Surviving Sexual Assault in a Small Town
As avid readers, many of us are deeply empathetic to the people around us. We have experienced trauma and heartbreak, betrayal and scintillating romance through the ages, with each turn of the page. And, as the pandemic lock-downs, quarantines, and social distancing mandates have dragged on, we have had more time than ever to escape into fictional worlds full of wonder. However, some of us have struggled with mental health issues, magnified by feelings of isolation and disconnect; long forgotten fears have reared their ugly heads, ripping old wounds (and half healed ones) wide open. But luckily, for us avid readers, escape and validation can also be found in books, which is how I found myself reading Some Boys by Patty Blount.
The topic of sexual assault remains taboo in many circles, but no more so than in small towns where everyone knows each other. And naturally, if the alleged perpetrator is an all-star high school athlete, the female victim has every reason not come forward, since she will face disbelief, and ridicule. This is precisely what happens in Some Boys, as the protagonist, Grace is left friendless and alone after she blames the most popular jock in school of rape…even her own father seems to think she bears at least part of the blame. Her rapist muses to a friend, “Why did she do the hair and the makeup and the outfit and the perfume if she wanted me to keep away?” Too often, this type of fictional scenario plays out in real lives, all across our nation, and the rest of the globe, leading girls and women to suppress their trauma, and not come forward.
This is where my earlier mention of validation comes in: Grace feels all of these things, she vocalizes so many things that are real, and not fiction. She stares at pictures she has taken of herself in the days following her assault, and wonders why everyone can’t see how wrecked she is. She wonders why her rights and her feelings don’t seem to matter, in comparison to those of her assailant. In those moments, I saw myself in Grace. But, despite having the deck stacked against her, Grace refuses to keep quiet, and pursues justice for herself. Since it is a work of fiction, there is also a heartwarming romance interwoven with the grittier themes of sexual assault and survivor-hood, which helped to cushion some of the harder moments.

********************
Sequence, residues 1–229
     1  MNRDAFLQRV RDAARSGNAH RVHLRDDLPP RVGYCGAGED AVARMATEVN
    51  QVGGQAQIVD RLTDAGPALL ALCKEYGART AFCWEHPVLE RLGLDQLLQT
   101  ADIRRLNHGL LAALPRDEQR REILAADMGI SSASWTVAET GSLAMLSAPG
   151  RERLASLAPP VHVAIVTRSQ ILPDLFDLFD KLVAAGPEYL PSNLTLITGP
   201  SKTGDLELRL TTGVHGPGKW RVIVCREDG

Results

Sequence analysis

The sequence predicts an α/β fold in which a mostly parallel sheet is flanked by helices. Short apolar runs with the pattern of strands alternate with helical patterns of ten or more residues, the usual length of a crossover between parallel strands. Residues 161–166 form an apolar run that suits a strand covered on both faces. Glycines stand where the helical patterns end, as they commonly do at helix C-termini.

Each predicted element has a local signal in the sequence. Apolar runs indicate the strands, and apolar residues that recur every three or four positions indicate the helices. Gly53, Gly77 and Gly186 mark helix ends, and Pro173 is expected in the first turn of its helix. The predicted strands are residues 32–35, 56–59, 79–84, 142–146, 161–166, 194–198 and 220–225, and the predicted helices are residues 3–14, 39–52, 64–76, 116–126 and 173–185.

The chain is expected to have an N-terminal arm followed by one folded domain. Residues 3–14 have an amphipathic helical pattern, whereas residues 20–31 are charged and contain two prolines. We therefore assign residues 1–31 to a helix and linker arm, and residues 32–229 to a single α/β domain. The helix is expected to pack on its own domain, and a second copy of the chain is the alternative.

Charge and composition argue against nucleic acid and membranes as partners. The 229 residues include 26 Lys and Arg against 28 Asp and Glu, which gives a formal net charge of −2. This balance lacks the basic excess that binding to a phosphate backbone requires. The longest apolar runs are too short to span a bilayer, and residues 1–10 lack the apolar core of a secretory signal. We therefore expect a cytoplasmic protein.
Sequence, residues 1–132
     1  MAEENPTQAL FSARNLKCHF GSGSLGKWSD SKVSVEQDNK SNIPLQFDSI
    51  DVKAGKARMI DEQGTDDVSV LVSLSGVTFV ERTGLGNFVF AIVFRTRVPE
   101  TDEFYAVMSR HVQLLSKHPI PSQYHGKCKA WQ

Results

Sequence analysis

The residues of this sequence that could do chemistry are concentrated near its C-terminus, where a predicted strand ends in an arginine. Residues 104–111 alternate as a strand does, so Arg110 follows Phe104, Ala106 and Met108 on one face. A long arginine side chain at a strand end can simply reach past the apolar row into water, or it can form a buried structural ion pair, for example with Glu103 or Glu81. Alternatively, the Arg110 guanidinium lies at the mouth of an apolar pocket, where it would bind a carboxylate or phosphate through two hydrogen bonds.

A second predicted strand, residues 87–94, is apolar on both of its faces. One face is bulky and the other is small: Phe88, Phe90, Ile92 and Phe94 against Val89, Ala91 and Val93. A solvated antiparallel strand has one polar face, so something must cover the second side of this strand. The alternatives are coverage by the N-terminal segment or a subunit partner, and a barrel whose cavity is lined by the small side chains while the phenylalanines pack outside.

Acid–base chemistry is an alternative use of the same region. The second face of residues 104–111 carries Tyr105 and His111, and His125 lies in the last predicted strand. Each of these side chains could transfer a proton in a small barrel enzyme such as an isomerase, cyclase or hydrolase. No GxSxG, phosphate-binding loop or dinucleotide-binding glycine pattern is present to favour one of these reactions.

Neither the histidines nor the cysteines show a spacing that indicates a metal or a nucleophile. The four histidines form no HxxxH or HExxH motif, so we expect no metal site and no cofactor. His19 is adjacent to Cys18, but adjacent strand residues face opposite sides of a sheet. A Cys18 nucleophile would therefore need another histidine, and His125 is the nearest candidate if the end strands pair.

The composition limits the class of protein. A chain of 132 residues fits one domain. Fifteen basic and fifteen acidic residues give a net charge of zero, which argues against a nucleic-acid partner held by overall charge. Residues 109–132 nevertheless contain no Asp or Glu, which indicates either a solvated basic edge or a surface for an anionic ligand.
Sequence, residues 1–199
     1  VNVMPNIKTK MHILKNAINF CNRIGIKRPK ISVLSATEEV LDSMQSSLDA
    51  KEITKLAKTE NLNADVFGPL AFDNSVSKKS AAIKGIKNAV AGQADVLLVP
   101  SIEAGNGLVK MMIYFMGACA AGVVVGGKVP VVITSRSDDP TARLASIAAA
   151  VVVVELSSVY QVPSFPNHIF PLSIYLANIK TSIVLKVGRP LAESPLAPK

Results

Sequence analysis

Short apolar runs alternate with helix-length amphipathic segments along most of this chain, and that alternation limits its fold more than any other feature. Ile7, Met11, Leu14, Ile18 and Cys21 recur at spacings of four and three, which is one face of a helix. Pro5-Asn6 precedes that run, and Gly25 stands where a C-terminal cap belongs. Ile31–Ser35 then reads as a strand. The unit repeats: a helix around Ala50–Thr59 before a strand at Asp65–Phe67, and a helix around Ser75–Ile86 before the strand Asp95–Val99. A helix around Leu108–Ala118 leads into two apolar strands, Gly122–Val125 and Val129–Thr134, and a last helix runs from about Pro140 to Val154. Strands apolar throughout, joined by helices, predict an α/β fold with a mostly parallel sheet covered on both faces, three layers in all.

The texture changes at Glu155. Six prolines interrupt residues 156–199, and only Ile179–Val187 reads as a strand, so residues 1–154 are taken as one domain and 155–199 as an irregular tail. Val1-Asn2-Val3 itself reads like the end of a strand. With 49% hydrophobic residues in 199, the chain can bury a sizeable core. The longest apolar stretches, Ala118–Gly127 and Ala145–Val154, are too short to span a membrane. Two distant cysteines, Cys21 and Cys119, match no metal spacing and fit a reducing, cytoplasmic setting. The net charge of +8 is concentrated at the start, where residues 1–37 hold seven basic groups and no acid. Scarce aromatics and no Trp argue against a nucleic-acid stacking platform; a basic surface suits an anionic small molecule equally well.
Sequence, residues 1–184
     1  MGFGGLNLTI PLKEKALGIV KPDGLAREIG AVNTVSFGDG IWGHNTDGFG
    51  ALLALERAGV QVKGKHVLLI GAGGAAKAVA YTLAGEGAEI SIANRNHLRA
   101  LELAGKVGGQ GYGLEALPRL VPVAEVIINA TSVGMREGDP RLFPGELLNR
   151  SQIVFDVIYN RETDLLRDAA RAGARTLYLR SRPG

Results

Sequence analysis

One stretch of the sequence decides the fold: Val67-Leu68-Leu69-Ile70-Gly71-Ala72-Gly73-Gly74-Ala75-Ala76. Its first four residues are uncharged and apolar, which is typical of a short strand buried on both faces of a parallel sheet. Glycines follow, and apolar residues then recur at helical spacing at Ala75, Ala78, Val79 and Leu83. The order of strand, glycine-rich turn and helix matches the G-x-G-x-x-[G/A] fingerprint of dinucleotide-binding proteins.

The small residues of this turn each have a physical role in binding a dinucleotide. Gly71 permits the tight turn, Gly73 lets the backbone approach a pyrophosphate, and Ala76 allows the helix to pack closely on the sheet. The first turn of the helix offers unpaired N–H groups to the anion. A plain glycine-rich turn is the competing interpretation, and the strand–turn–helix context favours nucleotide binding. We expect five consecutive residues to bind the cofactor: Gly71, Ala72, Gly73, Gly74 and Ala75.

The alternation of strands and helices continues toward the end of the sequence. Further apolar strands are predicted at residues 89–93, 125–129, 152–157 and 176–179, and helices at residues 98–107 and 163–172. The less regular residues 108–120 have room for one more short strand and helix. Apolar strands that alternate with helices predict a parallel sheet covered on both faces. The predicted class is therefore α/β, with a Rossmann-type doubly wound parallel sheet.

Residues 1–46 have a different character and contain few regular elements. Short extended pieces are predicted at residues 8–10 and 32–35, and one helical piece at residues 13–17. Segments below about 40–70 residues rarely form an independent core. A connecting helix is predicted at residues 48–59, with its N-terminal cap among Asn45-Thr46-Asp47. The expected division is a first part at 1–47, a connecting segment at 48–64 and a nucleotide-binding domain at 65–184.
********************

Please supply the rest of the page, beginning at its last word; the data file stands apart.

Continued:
This book brought me a deep feeling of peace, which is why I decided to post a review even though it was published in 2014. Just as Netflix’s Thirteen Reasons Why (season 1 premeired in 2017) started a conversation about bullying, trauma, and suicide among young people, I think Some Boys can start worthwhile conversations between parents and their children, among friends in high school media centers, and among women (and men) who were victims of sexual assaults at any point in their lives. For some, the story might be triggering, but for some it might bring a start to the healing process, or an understanding of the trauma someone they love has faced. If this story will resonate with you, I urge you to read it, and then share it with others who might need it too.